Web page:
Friday, October 24, 2014
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Mayor Villaraigosa and Blair Taylor, President of L.A Urban League

(PHOTO CREDIT: MALCOLM ALI)

Los Angeles Urban League Symposium

 The symposium was well attended

(Photo Credit: Malcolm Ali) 
 Sacramento Mayor Kevin Johnson
Kevin Johnson, Sacramento Mayor
(Photo Credit: Malcolm Ali)

Los Angeles Urban League Symposium
(L to R) Chris Strudwick-Turner, VP of Marketing and Communications, LA Urban League; Kevin Johnson, Mayor of Sacramento; Pamela Bakewell, Chief Neighborhood Officer, LA Urban League; Renita Smith, VP of Strategy, LA Urban League

(Photo Credit: Malcolm Ali)
 

 

"2011 State of Black Los Angeles Report" Reveals that Despite Progress since 2005, Black Equality Remains Behind Other Ethnic Groups

On Monday, April 25, at the California African American Museum, the Los Angeles Urban League, with support from The California Endowment, the James Irvine Foundation, Weingart Foundation, The Nielsen Company and FedEx, held a Spring Symposium titled "Placed-Based Neighborhood Change: Successes, Challenges, and Opportunities" and also released The 2011 State of Black Los Angeles Report, introducing the "Healthy Neighborhood Index(r).

Blair H. Taylor, President of the Los Angeles Urban League, welcomed the large crowd of over 300 guests from community based-organizations, corporations, foundations, universities, government, neighborhood groups including public officials, education reformers, health professionals, safety officers, housing specialists, workforce development and economic development experts, the cultural arts community and a host of partners interested in learning more about Place Based Neighborhood Change Models.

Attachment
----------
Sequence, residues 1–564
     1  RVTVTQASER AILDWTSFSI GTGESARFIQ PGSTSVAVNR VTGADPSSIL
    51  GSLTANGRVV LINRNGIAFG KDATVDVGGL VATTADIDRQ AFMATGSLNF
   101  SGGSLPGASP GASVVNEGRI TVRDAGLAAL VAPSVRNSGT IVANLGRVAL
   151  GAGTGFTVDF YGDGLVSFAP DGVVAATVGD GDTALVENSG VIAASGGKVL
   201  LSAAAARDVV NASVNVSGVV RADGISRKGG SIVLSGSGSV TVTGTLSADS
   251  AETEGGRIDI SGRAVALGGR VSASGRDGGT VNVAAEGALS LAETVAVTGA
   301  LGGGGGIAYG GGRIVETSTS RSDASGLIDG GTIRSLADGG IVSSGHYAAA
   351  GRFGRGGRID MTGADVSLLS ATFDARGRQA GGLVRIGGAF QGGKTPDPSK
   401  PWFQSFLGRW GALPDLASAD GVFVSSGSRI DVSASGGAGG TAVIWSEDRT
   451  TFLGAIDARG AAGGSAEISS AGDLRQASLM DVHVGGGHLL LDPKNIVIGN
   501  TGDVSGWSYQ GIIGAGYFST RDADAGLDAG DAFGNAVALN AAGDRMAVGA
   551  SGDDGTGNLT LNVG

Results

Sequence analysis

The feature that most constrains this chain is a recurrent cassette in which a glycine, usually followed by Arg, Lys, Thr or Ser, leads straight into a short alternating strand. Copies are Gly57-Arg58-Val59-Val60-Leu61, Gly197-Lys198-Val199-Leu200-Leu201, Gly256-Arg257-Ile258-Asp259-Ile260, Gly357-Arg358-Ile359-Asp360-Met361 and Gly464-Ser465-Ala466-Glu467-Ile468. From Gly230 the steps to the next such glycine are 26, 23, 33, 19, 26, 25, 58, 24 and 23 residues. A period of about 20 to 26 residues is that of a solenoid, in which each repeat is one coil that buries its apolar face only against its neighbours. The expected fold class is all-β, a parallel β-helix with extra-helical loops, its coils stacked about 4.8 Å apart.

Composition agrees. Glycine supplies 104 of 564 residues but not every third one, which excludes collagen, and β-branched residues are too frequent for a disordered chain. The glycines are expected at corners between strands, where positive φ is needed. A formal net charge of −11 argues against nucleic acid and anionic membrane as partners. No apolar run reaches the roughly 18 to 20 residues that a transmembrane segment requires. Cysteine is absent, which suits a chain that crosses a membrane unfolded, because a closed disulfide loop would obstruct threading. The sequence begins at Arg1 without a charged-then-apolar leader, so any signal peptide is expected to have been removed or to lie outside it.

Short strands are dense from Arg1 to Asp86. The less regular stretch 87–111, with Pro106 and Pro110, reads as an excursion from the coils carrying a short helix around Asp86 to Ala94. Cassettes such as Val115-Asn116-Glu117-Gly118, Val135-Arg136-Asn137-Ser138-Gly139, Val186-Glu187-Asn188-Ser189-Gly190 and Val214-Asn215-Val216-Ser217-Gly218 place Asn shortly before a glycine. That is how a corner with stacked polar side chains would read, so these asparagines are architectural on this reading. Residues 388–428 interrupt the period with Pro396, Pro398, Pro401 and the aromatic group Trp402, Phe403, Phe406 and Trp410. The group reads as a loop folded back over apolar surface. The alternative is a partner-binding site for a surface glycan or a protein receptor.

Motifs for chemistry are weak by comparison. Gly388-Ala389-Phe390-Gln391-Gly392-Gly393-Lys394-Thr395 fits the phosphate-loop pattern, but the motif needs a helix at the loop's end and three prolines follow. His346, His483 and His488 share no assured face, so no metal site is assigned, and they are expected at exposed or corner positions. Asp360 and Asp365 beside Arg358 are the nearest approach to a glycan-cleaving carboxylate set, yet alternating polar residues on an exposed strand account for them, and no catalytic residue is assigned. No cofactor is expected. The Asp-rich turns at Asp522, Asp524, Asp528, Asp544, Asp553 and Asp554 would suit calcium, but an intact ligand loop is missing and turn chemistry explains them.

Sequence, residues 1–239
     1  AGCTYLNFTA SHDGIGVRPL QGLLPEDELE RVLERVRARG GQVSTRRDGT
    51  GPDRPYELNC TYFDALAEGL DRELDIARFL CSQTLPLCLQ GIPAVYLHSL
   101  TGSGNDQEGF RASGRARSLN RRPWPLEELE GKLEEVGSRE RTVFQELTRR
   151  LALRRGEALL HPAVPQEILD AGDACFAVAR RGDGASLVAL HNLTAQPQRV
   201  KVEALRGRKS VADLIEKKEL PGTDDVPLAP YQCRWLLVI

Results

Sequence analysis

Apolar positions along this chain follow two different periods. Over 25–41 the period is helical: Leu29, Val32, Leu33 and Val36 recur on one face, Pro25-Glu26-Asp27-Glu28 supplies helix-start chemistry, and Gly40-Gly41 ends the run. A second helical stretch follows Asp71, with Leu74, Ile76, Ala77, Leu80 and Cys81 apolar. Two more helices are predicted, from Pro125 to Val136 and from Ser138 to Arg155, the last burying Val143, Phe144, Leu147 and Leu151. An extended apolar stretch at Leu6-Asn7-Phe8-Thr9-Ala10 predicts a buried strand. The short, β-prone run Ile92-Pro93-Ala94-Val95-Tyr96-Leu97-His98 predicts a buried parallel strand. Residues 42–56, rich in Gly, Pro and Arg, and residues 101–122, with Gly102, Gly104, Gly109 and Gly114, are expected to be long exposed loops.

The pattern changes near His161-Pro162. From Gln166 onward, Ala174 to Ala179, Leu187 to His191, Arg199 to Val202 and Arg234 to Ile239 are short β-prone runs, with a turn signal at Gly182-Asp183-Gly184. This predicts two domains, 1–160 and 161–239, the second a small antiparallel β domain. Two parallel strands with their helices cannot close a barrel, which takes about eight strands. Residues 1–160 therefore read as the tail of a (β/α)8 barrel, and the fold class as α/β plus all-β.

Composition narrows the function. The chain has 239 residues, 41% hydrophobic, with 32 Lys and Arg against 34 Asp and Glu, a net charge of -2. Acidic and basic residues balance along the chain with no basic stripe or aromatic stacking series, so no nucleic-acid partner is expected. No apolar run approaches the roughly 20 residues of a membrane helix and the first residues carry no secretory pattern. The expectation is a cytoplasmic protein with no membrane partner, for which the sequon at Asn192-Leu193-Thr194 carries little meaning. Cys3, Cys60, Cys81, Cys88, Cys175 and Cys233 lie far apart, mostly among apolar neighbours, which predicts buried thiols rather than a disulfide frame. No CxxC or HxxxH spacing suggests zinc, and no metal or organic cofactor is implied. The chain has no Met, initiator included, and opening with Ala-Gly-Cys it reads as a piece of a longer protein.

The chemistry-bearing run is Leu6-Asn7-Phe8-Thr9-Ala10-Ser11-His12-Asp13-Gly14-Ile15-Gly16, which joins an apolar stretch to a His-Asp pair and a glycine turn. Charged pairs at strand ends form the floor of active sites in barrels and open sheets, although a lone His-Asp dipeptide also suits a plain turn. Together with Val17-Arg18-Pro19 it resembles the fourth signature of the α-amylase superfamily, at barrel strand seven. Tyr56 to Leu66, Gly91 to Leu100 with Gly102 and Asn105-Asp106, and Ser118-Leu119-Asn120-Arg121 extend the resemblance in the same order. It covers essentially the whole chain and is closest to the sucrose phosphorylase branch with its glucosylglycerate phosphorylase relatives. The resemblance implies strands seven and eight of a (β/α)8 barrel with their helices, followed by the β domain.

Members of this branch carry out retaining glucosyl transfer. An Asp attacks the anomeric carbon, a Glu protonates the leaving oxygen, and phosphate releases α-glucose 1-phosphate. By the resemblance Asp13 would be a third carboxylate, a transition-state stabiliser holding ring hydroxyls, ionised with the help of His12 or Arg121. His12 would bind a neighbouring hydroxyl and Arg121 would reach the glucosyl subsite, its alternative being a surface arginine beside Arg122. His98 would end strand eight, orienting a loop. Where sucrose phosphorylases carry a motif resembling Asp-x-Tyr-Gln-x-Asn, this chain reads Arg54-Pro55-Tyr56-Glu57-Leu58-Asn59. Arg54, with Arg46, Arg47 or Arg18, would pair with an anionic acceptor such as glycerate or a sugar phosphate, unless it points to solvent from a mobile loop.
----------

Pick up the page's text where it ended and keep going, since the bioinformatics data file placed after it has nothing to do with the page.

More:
"2011 State of Black Los Angeles Report" Reveals that Despite Progress since 2005, Black Equality Remains Behind Other Ethnic Groups

On Monday, April 25, at the California African American Museum, the Los Angeles Urban League, with support from The California Endowment, the James Irvine Foundation, Weingart Foundation, The Nielsen Company and FedEx, held a Spring Symposium titled "Placed-Based Neighborhood Change: Successes, Challenges, and Opportunities" and also released The 2011 State of Black Los Angeles Report, introducing the "Healthy Neighborhood Index(r).

Blair H. Taylor, President of the Los Angeles Urban League, welcomed the large crowd of over 300 guests from community based-organizations, corporations, foundations, universities, government, neighborhood groups including public officials, education reformers, health professionals, safety officers, housing specialists, workforce development and economic development experts, the cultural arts community and a host of partners interested in learning more about Place Based Neighborhood Change Models.

 

"2011 State of Black Los Angeles Report" Reveals that Despite Progress since 2005, Black Equality Remains Behind Other Ethnic Groups

On Monday, April 25, at the California African American Museum, the Los Angeles Urban League, with support from The California Endowment, the James Irvine Foundation, Weingart Foundation, The Nielsen Company and FedEx, held a Spring Symposium titled "Placed-Based Neighborhood Change: Successes, Challenges, and Opportunities" and also released The 2011 State of Black Los Angeles Report, introducing the "Healthy Neighborhood Index(r).